Texting is also a natural way for younger people to reach out for help, Maynes says. “A text line is just so easy to access,” she says. “After coming out of a period of time where social interactions have been so difficult, texting is probably the least anxiety-provoking way of having a conversation.”
Another reason why younger people may be reaching out to the text line: It’s available 24/7. “They can also receive that support during the night, which is when some teens report increased distress — it may be due to feelings of loneliness, anxiety, and/or sadness that keeps them awake,” Yesenia Marroquin, a clinical psychologist in the Division of Child and Adolescent Psychiatry and Behavioral Sciences at Children’s Hospital of Philadelphia, tells Yahoo Life.
Finally, younger generations are just more accepting of mental health issues — and seeking help when they need it, Mayer says. “These are the first age groups in history that grew up with a wide acceptance of mental health and its benefits,” he says. “It started as ‘fashionable’ in these age groups, and now it is accepted as an essential part of life.”
If you have teens at home, experts say there are a few things you can do to help support their mental health. It starts with being open about mental health with your family and the importance of discussing it openly, Mayer says. “Talk about mental health frequently around the family,” he advises. That can be as simple as saying things like “We are here for you,” when your child is experiencing a rough patch, he says. Mayer also suggests that parents praise their children for being open about mental health and their own struggles.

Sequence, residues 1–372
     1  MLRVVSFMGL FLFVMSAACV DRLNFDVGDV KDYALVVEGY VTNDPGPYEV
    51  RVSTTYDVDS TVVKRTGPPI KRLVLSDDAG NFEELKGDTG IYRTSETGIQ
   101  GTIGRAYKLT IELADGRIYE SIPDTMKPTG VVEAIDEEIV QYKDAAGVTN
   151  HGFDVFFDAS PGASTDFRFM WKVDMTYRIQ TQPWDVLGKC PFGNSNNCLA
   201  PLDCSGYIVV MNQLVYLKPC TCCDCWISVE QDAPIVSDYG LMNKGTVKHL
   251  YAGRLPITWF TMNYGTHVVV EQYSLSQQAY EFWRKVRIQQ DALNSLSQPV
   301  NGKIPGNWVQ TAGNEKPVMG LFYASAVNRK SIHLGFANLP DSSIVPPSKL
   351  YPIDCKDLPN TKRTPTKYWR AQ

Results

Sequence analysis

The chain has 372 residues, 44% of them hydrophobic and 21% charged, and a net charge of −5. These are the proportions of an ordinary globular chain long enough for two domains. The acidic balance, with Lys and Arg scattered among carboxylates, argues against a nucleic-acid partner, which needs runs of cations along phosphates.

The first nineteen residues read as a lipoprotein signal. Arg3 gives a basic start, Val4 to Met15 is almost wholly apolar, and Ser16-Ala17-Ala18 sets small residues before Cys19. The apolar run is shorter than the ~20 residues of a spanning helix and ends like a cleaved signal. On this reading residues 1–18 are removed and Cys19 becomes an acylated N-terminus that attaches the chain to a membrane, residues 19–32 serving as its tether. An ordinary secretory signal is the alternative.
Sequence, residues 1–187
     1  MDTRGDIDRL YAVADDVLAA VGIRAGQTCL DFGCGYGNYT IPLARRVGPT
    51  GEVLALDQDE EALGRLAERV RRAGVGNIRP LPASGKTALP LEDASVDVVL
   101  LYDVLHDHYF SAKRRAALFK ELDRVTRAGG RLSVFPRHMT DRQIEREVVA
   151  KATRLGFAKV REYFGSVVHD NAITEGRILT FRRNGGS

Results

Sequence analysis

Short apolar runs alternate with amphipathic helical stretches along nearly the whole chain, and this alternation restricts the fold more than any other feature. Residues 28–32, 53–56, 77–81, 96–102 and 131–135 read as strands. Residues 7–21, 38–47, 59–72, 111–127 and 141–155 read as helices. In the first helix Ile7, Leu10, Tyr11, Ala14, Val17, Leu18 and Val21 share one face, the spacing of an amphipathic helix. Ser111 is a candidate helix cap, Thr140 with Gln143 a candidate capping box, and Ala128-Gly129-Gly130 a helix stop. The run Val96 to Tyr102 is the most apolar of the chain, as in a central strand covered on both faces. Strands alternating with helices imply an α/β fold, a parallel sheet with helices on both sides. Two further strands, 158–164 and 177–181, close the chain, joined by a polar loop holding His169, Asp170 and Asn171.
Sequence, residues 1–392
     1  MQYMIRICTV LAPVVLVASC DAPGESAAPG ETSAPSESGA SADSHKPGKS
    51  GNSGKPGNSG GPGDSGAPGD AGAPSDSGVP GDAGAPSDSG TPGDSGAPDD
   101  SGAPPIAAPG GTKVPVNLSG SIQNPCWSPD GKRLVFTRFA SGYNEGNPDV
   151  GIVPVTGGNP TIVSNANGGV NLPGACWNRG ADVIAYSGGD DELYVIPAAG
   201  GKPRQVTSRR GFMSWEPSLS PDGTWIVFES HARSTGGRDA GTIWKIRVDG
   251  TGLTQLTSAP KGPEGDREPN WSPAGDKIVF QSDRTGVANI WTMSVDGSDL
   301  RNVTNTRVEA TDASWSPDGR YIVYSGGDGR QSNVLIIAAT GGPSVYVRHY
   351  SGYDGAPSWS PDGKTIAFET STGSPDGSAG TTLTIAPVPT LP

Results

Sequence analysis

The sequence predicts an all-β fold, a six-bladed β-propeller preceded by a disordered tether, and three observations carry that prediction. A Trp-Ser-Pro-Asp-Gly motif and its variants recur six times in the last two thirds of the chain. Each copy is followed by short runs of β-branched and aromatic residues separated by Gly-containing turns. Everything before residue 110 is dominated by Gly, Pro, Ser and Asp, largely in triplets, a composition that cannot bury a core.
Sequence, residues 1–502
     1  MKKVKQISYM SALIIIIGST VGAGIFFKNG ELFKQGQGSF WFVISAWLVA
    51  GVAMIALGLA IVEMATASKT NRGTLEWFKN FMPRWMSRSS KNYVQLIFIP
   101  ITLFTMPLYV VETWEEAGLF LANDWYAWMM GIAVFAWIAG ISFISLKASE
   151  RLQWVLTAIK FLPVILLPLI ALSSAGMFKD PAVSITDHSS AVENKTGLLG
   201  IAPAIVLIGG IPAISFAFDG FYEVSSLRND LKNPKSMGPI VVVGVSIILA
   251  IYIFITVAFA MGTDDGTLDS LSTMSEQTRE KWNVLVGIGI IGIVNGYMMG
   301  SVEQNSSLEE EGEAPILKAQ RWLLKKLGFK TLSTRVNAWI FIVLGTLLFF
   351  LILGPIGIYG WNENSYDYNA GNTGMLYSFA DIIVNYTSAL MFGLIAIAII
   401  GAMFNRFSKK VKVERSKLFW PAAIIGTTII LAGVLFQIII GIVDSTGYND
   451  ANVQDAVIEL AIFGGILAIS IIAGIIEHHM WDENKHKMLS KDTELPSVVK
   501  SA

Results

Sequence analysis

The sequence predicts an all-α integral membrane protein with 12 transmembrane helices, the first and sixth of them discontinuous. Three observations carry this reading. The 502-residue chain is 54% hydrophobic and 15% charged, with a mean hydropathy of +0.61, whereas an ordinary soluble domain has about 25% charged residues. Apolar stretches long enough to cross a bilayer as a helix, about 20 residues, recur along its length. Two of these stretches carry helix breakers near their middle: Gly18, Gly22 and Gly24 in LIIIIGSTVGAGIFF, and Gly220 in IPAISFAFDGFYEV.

Marroquin says it’s also OK to just let your child vent. “Validate your teen’s emotions without rushing to fix them,” she says. “This can help them feel supported and not alone.” She also suggests doing activities with them that they’re are inclined to do, “instead of activities you think would be helpful for them to do,” like watching their favorite show with them or doing a hobby they enjoy. “Allow them to direct the activity,” she says.
Maynes recommends “recognizing that there is some hesitancy and apprehension about getting back to ‘normal.’” And that, she says, can lead to feelings of loneliness and isolation.
“That’s OK,” Maynes says. “It doesn’t indicate that there’s something wrong with them.”
Maynes suggests talking to your children and validating their emotions. “Tell them if they want to connect with a therapist or mental health provider, that’s OK, too,” she says.
While this group may feel lonely and isolated, experts stress that help is available. Mayer especially applauds the Crisis Text Line’s services: “Mental health has stepped up to the plate.”
If you or someone you know are experiencing suicidal thoughts, call 911, or call the National Suicide Prevention Lifeline at 1-800-273-8255 or text HOME to the Crisis Text Line at 741741.